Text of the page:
The adjustment brush and the graduated filter tool are wonderful additions to Lightroom 2 for making local changes. But there are often quicker ways to make local changes. I will talk about HSL in this post.
In the image below I want to darken the sky. Yes, I can get the adjustment brush, set the exposure to a negative amount, and paint the sky.
But since the only blue in the image is the sky, it is alot faster accomplish my goal by darkening the blues in the HSL/Color/Grayscale panel: click on HSL, click on luminance (luminance refers to brightness), and slide the blue slider to the left.
Let’s say I now want to saturate the grass and tree more. I can use the adjustment brush with a positive saturation setting, but instead, in the HSL panel I will click on Saturation. I’m not sure if the grass is green or yellow or some combination, so instead of guessing and fooling around with the sliders, I’ll use the handy Targeted Adjustment Tool (TAT). I will click on it, and then click on the grass and drag upwards since I want to increase saturation. I will do this in a few places in the foreground. The TAT detects the colors you are dragging on, and adjusts those throughout the image — in this case increasing saturation of yellows and greens. It works for us here because there are no yellows and greens in the building or sky — otherwise those would become more saturated as well.
The yellow is a little too saturated for me, but now it is easy to go to the Yellow slider and reduce it a little. Note also that I could have darkened the sky with the TAT as well, clicking on luminance and dragging downward on the sky, rather than using the blue slider.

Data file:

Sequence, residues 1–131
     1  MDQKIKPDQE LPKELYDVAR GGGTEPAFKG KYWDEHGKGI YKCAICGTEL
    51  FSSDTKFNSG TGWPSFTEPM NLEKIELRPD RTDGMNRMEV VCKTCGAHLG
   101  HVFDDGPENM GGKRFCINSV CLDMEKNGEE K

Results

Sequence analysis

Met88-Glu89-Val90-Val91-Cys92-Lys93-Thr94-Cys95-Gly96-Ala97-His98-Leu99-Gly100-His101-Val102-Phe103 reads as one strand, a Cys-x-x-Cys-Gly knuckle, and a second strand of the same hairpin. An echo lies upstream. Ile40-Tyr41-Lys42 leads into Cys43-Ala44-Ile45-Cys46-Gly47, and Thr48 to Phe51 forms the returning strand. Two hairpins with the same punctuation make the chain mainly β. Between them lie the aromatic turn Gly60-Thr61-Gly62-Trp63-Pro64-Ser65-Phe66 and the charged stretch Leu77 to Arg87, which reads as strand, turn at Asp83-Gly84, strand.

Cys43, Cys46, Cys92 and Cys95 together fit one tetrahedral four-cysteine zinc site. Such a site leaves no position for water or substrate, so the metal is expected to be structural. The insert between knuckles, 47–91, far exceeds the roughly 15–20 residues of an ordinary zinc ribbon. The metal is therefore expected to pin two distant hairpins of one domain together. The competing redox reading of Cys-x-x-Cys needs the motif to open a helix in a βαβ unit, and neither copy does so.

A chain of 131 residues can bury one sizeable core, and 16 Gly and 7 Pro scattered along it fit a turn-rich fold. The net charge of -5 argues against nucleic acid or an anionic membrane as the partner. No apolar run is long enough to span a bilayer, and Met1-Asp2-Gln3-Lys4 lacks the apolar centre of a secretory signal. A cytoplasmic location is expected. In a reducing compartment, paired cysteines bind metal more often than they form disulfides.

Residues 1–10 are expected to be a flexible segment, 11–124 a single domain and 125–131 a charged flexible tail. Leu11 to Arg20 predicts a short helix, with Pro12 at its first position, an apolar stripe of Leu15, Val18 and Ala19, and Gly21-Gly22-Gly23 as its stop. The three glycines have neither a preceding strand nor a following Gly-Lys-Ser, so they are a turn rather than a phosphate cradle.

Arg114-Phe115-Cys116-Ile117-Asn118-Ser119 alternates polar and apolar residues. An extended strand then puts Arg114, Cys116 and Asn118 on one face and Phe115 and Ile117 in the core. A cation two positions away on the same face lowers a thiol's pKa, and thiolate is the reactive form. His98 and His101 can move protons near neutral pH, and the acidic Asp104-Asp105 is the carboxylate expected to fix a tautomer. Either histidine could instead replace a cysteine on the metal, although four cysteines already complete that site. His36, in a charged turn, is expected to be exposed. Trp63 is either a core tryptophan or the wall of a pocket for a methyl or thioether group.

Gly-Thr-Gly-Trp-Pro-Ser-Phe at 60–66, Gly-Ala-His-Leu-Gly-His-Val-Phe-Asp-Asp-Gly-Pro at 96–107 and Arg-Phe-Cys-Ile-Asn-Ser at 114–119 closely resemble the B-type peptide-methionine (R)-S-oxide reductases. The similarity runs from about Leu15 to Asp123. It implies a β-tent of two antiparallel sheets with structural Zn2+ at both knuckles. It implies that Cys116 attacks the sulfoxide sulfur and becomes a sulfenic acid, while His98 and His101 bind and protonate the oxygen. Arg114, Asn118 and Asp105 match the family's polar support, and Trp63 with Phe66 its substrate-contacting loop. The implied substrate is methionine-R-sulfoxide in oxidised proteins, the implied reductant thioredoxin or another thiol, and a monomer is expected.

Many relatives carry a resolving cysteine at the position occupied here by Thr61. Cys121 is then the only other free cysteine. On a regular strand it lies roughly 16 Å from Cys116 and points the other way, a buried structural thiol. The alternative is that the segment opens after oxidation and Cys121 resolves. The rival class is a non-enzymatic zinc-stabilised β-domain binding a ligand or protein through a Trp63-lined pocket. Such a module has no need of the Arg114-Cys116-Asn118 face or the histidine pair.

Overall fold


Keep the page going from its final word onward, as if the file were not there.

Finally, I am going to use the Hue component in the HSL panel to change the color of the background in this image:
I click on HSL, Hue and the Targeted Adjustment tool, then click and drag up and/or down on the blue background to change the color to something I like. Because there was no blue in the subjects, they are unaffected.
By the way, if skin is too red, try clicking on saturation, and dragging downwards on the face to take some of the color out. In this case, since purple also contains red, it will change the background a little as well, but that may be acceptable, and a big time saver over working with the adjustment brush.
The key to being able to use HSL to do local adjustments is that the area you want to darken, lighten, increase or decrease saturation of, or change the color of, is made up of colors that don’t exist elsewhere in the image. In my first image, for example, if the building had also been blue, I could not have isolated the sky using HSL. I would have had to use the adjustment brush to specifically darken the sky.